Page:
Interview with Dr. Carl Regillo 5/3/22
Dr. Carl Regillo: That’s an analysis that will be conducted. This presentation that was conducted at ARVO was the first to the podium for this pivotal clinical trial and it consisted mainly of topline visual, anatomic and safety data. As I indicated in my conclusion slide of the talk, looking at factors that are predictive of a good, durable response is important and is planned. We really need to identify clinical features at baseline that help the clinician know where the drug works best such as with the 60% of patients in the trial who had good visual and anatomic results with KSI treatment successfully extended out to 20 weeks. Just as important, we also need to know in whom and why it didn’t perform as expected in terms on disease control and maintenance of visual gains such as in the 30% of patients who had vision loss over the year getting treatments at 12 week intervals. We may or may not be able to fully explain the marked differences in response. I’ve run such analyses before such as with the phase 3b HARBOR study which tested two doses and two treatment regimens of ranibizumab. Unfortunately, there weren’t a lot of patient characteristics at baseline that predicted dosing frequency in the PRN arms of that study. That being said, the case could be different with KSI in the DAZZLE study, and we hope to have the results of such an analysis in the near future.
Dr. Carl Regillo: It didn’t necessarily impact the design, although for both this study and as you saw for the faricimab wet AMD trial results, we scrutinize all of the adverse events and characterize individual inflammatory events. On the podium, it is now routine and expected to show each inflammatory category (eg. anterior vs. posterior), the severity, and we report on any direct retinal or retinal vascular involvement, including vasculitis and any related vascular occlusions. In Dazzle, there was an imbalance in IOI between the two arms with a higher IOI rate with KSI-301 at 3.2% versus aflibercept at 0%. Here, the imbalance seemed even greater because aflibercept performed better in terms of safety than any other prior trial in wet AMD which had IOI rates in the 1-2% range. Furthermore, the good news for KSI-301 is that none of the IOI events were serious, and none had any associated direct retinal or retinal vascular effects.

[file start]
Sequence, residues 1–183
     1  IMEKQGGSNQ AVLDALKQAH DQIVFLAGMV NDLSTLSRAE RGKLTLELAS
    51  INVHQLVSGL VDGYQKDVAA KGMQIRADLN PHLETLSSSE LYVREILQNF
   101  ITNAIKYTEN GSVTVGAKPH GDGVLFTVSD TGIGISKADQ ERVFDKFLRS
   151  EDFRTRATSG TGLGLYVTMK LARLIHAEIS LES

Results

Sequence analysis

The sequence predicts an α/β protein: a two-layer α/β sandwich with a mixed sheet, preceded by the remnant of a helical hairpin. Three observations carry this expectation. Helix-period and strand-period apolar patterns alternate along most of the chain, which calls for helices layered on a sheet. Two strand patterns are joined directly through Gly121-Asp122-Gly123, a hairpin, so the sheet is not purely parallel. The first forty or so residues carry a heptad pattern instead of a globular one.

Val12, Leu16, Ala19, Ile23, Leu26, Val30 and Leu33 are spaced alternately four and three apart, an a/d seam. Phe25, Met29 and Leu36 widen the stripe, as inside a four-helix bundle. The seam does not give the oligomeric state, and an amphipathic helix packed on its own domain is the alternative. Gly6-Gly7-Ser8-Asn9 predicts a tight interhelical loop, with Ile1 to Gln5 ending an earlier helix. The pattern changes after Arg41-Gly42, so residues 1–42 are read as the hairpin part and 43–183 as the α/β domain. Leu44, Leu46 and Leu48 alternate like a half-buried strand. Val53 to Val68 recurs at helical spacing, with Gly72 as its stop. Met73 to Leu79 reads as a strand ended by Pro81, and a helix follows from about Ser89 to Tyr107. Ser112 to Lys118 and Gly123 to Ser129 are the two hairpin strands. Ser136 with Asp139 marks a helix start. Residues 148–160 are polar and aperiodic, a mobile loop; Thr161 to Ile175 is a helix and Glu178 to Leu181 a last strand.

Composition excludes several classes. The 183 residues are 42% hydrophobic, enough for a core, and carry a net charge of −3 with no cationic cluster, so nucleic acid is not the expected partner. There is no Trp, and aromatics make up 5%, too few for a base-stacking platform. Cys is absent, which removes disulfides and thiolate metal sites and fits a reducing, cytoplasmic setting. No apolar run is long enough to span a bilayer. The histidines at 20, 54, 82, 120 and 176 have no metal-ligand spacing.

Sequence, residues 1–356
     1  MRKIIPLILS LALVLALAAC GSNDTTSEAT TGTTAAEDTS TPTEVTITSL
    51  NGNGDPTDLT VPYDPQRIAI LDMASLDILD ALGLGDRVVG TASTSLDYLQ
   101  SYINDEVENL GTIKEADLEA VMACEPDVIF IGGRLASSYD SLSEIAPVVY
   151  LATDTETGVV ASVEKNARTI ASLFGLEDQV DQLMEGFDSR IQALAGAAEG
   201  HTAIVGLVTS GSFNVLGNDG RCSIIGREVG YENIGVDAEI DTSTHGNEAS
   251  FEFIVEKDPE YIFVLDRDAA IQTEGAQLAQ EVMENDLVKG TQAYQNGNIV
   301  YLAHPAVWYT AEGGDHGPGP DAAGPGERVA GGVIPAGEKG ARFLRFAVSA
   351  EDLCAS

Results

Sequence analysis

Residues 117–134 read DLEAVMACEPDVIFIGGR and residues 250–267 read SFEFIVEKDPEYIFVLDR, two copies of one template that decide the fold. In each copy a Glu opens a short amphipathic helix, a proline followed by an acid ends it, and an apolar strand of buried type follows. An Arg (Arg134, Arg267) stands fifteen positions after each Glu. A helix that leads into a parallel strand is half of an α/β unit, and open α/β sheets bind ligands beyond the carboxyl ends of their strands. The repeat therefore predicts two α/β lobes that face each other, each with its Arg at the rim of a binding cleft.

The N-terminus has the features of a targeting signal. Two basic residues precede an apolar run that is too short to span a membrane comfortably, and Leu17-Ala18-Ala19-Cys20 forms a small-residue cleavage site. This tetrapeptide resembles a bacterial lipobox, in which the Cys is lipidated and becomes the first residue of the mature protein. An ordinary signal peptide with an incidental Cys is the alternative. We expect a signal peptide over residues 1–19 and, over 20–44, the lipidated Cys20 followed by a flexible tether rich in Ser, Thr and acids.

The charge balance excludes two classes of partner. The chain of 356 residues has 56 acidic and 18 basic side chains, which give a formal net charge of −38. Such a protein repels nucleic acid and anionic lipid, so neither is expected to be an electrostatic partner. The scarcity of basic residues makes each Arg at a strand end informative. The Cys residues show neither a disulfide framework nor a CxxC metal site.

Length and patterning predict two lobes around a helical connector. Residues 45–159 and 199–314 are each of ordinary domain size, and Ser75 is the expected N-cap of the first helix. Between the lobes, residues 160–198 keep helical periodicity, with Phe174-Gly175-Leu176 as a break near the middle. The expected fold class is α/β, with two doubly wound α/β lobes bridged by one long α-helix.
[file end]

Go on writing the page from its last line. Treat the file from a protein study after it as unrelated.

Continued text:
Question 3: What role will KSI-301 have in your AMD armamentarium especially considering some of the other novel treatments, including faricimab and the port delivery system with ranibizumab?
Dr. Carl Regillo: KSI-301 didn’t meet its primary, noninferiority endpoint in DAZZLE and so an FDA approval for wet AMD is not possible with this study alone. Therefore, it will not be available to use in practice for the time being. However, how it performs in the other wet AMD trial called the DAYLIGHT study, where the drug is being dosed every 4 weeks, will give us important information about how it stacks up as an anti-VEGF agent to aflibercept and how it may be utilized in practice should FDA approval be possible based on meeting the primary endpoint of that study. Furthermore, it could be approved and potentially utilized in practice for other retinal conditions such as DME, RVO, and even DR without DME. It’s being tested for all those different indications at the phase 3 level at this time. Results of these other trials should be available over the coming year or so.